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Today’s issue is short and to the point, an exercise of leveling-up our listening skills to make us better leaders, partners, relationship-builders, community creators, and business operators!
It’s a quick lesson that I really enjoyed doing recently in a cohort-based leadership training course and that I’ve been attempting to apply in my own life — I’d love to challenge you as well!
- Customer support system via Airtable. Tim Cook post-Steve.
- No Clubhouse in China. Ray Dalio on Bitcoin. Virtual venues! Inevent.
- Virtualizing venues. China in 1910. OKTA 2021 biz report. Nasdaq.
- Great unbundling. Listen to articles like a podcast. Team culture in Slack.
- Defense of blocking in Clubhouse. Biggest bets in sports. English movies.
- Rock meet hard places Twitter. Twitter’s response. Jitter video. ProdEasy.
- A day w/o calendar? Use conversion. Convo surveys. React motion?
- Unlock brand data. Manage all communities? Uptime raises $16M.
- Cool down your phone while playing video games. Luma Clubhouse.
- Distribution or death. Every video from AWS Invent 2020. Architecture.
Have a great
To infinity & community,
There are 3 levels of listening that we use every single day with whomever we interact with, whether that’s our peers, colleagues, spouses, friends, and even pets!
The 3 levels are as-follows:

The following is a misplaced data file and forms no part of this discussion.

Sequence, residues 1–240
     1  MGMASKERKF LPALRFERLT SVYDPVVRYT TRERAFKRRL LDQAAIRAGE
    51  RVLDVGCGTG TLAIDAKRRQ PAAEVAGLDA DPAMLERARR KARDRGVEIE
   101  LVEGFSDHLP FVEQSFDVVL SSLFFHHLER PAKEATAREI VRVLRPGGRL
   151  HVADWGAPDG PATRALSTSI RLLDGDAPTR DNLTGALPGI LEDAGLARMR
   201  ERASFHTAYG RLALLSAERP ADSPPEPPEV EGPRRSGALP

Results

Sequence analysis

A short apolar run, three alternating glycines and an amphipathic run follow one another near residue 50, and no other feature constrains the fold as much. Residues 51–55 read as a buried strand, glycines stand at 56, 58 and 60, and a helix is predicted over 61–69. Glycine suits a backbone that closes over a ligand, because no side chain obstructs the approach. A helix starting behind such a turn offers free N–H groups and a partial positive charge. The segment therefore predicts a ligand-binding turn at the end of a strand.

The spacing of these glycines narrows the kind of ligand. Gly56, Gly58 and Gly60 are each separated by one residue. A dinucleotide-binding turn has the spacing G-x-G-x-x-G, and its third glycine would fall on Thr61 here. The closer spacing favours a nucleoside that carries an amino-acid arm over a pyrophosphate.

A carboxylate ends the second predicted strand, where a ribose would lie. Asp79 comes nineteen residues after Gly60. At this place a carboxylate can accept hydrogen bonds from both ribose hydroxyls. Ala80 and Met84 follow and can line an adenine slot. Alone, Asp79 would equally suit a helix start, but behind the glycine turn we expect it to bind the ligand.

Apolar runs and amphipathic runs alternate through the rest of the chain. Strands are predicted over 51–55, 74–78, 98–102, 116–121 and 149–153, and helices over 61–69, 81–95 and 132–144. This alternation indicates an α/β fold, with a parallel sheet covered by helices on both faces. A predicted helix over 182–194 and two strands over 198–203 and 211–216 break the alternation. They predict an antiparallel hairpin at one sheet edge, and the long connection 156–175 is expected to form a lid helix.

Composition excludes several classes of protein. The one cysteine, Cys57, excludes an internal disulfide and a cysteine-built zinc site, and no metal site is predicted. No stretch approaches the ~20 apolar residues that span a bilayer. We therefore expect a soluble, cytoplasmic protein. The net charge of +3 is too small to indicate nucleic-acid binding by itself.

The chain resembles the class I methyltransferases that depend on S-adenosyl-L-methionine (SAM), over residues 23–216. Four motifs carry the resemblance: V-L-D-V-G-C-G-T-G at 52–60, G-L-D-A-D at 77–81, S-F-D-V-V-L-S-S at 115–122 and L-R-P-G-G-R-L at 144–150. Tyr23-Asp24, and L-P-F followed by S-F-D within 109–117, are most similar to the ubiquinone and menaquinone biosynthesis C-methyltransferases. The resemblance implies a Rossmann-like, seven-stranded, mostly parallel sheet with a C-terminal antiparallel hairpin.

- Level 1: Internal listening, where your attention is focused on your own thoughts, feelings, and interpretations.
- Level 2: Intensely listening to other, where your attention is pointed, with laser-like focus, on the person you are listening to.
- Level 3: Global listening, which has a soft, receptive focus that encompasses everything around you, includes all your senses and your environment as well.
I particularly enjoy “Level 3” conversations as they are the most relaxed and usually the most intimate types, where people have “let their guards down” and are vulnerable, honest, and open with one another. I remember that some of the best times with my partner and spouse — especially while dating and courting her! — were conversations that lasted into the late-nights / early-mornings that were squarely in Level 3.
Now, the goal isn’t to be in “Level 3” all the time as that would be impossible and set the expectations too high to be reasonable and approachable. Rather, the goal and point of this mental exercise is to develop a greater sense of what level you’re at in the moment and then adjusting your behavior, posture, and presence to be more optimal and more receptive to the people that you’re presently engaged with.
In other words, this is an exercise in self-awareness!
And, in that way, as you become more adept at micro-adjustments on-the-fly, you’ll be better positioned and receptive to your audience, online or offline.
How to practice:
- In your next conversation, see how quickly you can get to Level 3.
- Try to take “level checks” throughout the conversation and observe the level that you naturally fall (back) into and how quickly you can revert or course-correct.
- Notice how certain relationships may naturally tend toward one specific level; is this a good thing or bad thing? Talk it out with a friend.
- See if you can guess what level the other person is at and ask them why they aren’t trying to get to Level 3 with you (this is very direct but may actually be a fun chat about “focus” and “attention”).
Have fun with it!